By Shuji Miki / Yomiuri Shimbun Senior WriterAs I wrote in the previous column (June 27), Futabayama, a great yokozuna of the Showa era (1926-1989) whose real name is Sadaji Akiyoshi, built the Myoon Kyokai temple in 1965 for his dead daughter in Chikushino, Fukuoka Prefecture. The temple has been passed down to his family members and the current chief priest is his grandson.
In December 1968, just three years after the temple was built, Futabayama, who was serving as the Japan Sumo Association’s chief under the name Tokitsukaze, passed away. Futabayama’s wife, Sumiko, was concerned that the temple was becoming dilapidated, so in 1975 she ordered her eldest son, Tsuneharu, a trading company employee in Tokyo, to become a priest and take over the temple. The next year, Tsuneharu quit the company and moved to Fukuoka with his wife, Hiromi, now 72, and their two daughters.
Twelve years after his relocation, Tsuneharu suddenly died in 1988. Hiromi then thought about closing the temple and going back to Tokyo, but she abandoned the idea and decided to stay in Fukuoka. She thought that the temple left by Futabayama is the property and “spirit” of her father-in-law.
“Futabayama’s achievements and honor belong to the JSA, but the spirit of our father must be upheld by us,” she said.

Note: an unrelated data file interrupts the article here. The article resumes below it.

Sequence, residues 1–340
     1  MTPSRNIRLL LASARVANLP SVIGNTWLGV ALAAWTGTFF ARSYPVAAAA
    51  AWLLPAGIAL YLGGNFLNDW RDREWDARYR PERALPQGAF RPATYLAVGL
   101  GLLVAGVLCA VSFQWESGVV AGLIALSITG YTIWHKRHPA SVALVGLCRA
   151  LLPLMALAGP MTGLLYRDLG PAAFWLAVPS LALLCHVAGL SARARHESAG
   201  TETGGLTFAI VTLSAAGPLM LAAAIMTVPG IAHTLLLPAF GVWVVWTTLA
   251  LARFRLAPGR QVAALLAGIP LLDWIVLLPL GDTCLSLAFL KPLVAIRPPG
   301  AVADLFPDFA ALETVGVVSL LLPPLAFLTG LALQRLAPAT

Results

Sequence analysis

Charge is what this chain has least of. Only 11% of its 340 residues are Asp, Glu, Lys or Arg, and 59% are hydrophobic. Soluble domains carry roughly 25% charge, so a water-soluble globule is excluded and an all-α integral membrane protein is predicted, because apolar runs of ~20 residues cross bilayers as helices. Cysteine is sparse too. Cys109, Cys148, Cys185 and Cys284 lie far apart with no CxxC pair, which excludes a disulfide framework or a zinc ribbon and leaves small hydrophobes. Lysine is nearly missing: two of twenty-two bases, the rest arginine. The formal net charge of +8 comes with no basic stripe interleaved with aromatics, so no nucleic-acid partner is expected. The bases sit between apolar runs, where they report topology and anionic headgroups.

When she held a family meeting and gave her decision, her second daughter, Tsuguyo, a high school freshman at the time, said, “I will keep the temple until Masaharu [her younger brother] reaches adulthood.”
Tsuguyo, now 45, obtained a qualification to become a priest at a university and took the name high priestess Yosho. She maintained the temple for 20 years.
Masaharu, 37, dreamed of becoming a musician but also received training to become a priest. He took over the temple from his sister in August 2016 and is called priest Shoji Akiyoshi.
On the anniversary of the death of Futabayama on Dec. 16 last year, the 50th memorial service was held at Zenshoji temple, the Futabayama family temple in Arakawa Ward, Tokyo. Tsuguyo and Masaharu chanted a sutra.
Having upheld the “spirit of the Akiyoshi family,” a smiling Hiromi said, “one part of my role has came to an end.”
— Miki is a sumo expert.
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